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 Post subject: SLG or Phase to Phase escalation into a 3 phase fault
PostPosted: Tue Oct 02, 2018 12:32 pm 
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Apologies if this has been discussed before. It is probably mostly a question for Jim but others who've actually done the testing can definitely chime in.

In all the arcing fault test videos that I've seen (I've only seen vids, never conducted a test myself) that I can make out the set up in I can see the small gauge jumper between all 3 phases. I never see tests with a jumper between only two phases or only one phase and the cabinet.

I have also read a number of times that "single phase and ground faults often escalate into 3 phase faults". How true is this really? I understand you must assume worse case when performing the studies. I get it and am in complete agreement with that approach. However, I will offer that I've seen the aftermath of a fault, small and large, a number of times and it's pretty much never involved all 3 phases when started as a ground fault primarily. At least not that was evident to me from burn marks and melted insulation or all 3 blown fuses.

Jim / others - when testing do you always set up the jumpers between all three phases or do you also test L-L and L-G faults and if so do they indeed "often escalate to 3 phase"?

Thanks.

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 Post subject: Re: SLG or Phase to Phase escalation into a 3 phase fault
PostPosted: Wed Oct 03, 2018 10:08 am 
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I've seen it done both ways as far as the wire. The STANDARD test used for IEEE/NFPA testing at one time used a #12 wire going between all 3 phases. Since this doesn't always result in a successful arc at low voltages/currents, the wire size is reduced under those circumstances. EPRI has done a lot of tests where the fuse wire is an actual tool like vice grips simulating the case of a tool landing across two bus bars. The wire size is the reason that several early tests (PG&E testing) resulted in either no or little arc flash. One of Mike Lang's papers below talks about this as well.

Several of the white papers here from Mike Lang will answer most of your questions which documents the fact that in nearly all cases single phase arcing faults turn into 3 phase faults along with lots of pretty pictures:

http://ep-us.mersen.com/resources/arcfl ... ting-help/


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 Post subject: Re: SLG or Phase to Phase escalation into a 3 phase fault
PostPosted: Wed Oct 03, 2018 10:12 am 
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PaulEngr wrote:
I've seen it done both ways as far as the wire. The STANDARD test used for IEEE/NFPA testing at one time used a #12 wire going between all 3 phases. Since this doesn't always result in a successful arc at low voltages/currents, the wire size is reduced under those circumstances. EPRI has done a lot of tests where the fuse wire is an actual tool like vice grips simulating the case of a tool landing across two bus bars. The wire size is the reason that several early tests (PG&E testing) resulted in either no or little arc flash. One of Mike Lang's papers below talks about this as well.

Several of the white papers here from Mike Lang will answer most of your questions which documents the fact that in nearly all cases single phase arcing faults turn into 3 phase faults along with lots of pretty pictures:

http://ep-us.mersen.com/resources/arcfl ... ting-help/


Thanks for the response and providing the resources Paul. I appreciate it greatly. Looks like I have a lot of reading to do.

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 Post subject: Re: SLG or Phase to Phase escalation into a 3 phase fault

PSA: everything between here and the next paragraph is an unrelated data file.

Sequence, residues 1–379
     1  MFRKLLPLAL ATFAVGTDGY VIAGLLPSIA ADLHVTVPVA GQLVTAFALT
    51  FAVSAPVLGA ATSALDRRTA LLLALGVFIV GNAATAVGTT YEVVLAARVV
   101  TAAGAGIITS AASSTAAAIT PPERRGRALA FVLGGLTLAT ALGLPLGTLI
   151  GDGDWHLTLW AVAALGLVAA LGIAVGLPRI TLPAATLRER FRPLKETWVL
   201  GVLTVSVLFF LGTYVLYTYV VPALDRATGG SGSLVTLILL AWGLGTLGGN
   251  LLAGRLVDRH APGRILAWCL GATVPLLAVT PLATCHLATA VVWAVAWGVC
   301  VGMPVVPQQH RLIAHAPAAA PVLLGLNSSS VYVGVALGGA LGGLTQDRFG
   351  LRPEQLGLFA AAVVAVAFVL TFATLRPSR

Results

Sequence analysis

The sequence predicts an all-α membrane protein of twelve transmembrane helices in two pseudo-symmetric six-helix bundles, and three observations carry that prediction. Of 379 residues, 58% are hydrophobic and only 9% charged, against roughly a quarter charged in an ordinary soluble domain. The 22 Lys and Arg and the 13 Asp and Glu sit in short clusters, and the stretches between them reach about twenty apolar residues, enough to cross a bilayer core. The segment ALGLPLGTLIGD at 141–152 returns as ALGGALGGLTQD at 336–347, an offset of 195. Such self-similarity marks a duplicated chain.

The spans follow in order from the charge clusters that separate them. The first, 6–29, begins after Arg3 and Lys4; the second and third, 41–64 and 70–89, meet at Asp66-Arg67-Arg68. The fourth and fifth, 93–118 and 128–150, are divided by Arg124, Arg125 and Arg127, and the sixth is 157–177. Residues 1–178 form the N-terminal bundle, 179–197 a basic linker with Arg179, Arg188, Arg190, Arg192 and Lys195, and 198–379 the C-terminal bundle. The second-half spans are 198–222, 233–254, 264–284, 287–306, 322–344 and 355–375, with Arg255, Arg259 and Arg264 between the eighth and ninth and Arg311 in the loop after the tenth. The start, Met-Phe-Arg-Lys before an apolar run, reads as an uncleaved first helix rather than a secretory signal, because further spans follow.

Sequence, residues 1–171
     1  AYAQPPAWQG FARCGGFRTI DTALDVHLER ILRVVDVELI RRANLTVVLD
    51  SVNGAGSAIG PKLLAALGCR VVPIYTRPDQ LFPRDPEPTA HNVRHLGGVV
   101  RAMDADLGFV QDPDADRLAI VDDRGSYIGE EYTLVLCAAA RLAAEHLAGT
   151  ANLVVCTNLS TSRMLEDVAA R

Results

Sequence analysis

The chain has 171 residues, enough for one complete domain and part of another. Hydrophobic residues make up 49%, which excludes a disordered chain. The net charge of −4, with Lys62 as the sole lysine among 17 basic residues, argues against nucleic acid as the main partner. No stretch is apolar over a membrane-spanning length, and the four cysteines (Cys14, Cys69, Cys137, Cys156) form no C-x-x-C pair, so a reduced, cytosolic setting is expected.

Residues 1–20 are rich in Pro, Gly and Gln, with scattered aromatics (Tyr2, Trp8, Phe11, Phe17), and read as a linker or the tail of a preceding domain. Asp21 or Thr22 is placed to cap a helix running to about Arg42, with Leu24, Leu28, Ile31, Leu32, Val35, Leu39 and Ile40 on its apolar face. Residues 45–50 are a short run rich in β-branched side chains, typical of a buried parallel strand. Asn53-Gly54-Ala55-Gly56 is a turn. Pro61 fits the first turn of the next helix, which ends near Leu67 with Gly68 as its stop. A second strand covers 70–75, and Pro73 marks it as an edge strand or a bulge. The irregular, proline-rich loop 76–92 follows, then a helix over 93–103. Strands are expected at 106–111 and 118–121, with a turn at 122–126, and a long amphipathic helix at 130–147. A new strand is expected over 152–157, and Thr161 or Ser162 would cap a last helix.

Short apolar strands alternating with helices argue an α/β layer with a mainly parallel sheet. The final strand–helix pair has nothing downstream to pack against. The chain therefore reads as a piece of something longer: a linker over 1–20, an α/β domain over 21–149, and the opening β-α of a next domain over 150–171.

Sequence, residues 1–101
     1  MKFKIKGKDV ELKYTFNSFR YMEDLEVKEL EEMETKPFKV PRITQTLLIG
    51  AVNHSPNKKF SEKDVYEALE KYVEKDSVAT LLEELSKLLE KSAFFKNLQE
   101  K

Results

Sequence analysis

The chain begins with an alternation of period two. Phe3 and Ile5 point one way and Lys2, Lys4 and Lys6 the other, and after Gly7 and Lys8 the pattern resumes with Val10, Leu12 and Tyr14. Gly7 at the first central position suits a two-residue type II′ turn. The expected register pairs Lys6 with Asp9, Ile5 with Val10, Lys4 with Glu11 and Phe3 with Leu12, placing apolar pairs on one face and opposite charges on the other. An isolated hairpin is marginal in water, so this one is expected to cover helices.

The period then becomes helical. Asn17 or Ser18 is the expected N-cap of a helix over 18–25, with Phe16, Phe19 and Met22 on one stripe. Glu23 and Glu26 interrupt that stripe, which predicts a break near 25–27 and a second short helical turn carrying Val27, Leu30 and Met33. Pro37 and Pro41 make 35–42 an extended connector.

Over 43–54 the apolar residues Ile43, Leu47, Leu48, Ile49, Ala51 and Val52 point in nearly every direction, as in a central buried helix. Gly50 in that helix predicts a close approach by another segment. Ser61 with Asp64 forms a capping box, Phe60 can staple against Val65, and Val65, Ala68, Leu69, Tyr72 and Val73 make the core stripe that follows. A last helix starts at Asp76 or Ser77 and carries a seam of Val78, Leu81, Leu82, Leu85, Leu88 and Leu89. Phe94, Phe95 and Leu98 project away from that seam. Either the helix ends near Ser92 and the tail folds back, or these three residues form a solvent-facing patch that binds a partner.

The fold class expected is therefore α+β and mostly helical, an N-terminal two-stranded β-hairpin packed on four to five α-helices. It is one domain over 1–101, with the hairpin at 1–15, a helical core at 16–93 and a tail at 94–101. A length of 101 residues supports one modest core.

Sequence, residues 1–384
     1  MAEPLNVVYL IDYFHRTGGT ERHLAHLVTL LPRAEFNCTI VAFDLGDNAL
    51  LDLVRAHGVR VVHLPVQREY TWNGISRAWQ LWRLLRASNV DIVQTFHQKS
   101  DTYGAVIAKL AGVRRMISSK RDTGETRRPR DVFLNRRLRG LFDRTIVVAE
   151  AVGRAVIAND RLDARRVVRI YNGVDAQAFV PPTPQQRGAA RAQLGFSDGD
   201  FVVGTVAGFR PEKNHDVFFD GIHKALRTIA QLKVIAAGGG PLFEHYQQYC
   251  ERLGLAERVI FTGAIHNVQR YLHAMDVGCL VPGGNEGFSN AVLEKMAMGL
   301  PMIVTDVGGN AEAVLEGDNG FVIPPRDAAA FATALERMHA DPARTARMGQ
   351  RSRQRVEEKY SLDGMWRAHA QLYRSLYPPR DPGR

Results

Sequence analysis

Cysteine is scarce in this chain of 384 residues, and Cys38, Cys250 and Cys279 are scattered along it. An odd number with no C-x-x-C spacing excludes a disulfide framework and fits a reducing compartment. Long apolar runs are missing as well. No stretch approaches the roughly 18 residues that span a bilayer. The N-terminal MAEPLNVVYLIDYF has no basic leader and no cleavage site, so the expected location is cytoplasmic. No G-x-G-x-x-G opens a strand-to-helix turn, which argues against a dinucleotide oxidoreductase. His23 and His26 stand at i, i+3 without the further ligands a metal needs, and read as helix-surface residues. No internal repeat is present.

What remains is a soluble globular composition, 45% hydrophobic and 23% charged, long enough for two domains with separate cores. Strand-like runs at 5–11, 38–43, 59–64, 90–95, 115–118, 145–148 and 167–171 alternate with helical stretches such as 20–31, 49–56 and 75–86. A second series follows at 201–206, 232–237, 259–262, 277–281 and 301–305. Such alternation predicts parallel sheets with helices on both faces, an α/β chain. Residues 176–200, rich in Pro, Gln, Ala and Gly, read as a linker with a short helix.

PostPosted: Wed Oct 03, 2018 4:52 pm 
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I'm aware of an event that occurred on some metal-clad 13.8 kV switch gear that was falsely assumed to be de-energized. Worker initiated a low current phase to ground fault that was limited by a grounding resistor. Fault evolved to go double line to ground prior to being cleared. Never went three phase. Workers were treated for sun burn and contract was terminated.


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 Post subject: Re: SLG or Phase to Phase escalation into a 3 phase fault
PostPosted: Wed Oct 03, 2018 6:10 pm 
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bbaumer wrote:
Apologies if this has been discussed before. It is probably mostly a question for Jim but others who've actually done the testing can definitely chime in.

In all the arcing fault test videos that I've seen (I've only seen vids, never conducted a test myself) that I can make out the set up in I can see the small gauge jumper between all 3 phases. I never see tests with a jumper between only two phases or only one phase and the cabinet.

I have also read a number of times that "single phase and ground faults often escalate into 3 phase faults". How true is this really? I understand you must assume worse case when performing the studies. I get it and am in complete agreement with that approach. However, I will offer that I've seen the aftermath of a fault, small and large, a number of times and it's pretty much never involved all 3 phases when started as a ground fault primarily. At least not that was evident to me from burn marks and melted insulation or all 3 blown fuses.

Jim / others - when testing do you always set up the jumpers between all three phases or do you also test L-L and L-G faults and if so do they indeed "often escalate to 3 phase"?

Thanks.


Great discussion! I have set up a few tests with phase-ground and phase-phase but almost all are three phase. The escalation issue is just as stated by everyone here. You never know. I had a client years ago that wanted to have all single phase tests assuming that was more real world (fair statement) but a) nothing escalated b) we could not get the arc to sustain, let along escalate. Don't draw any conclusion from that, just stating what was seen.

Certainly not all faults escalate but it can happen so that is what is used for the tests and equations for IEEE 1584. I've seen a few bizarre cases where we thought the event was over and it re-struck in another location from the plasma based on high speed video.


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 Post subject: Re: SLG or Phase to Phase escalation into a 3 phase fault
PostPosted: Thu Oct 04, 2018 4:04 am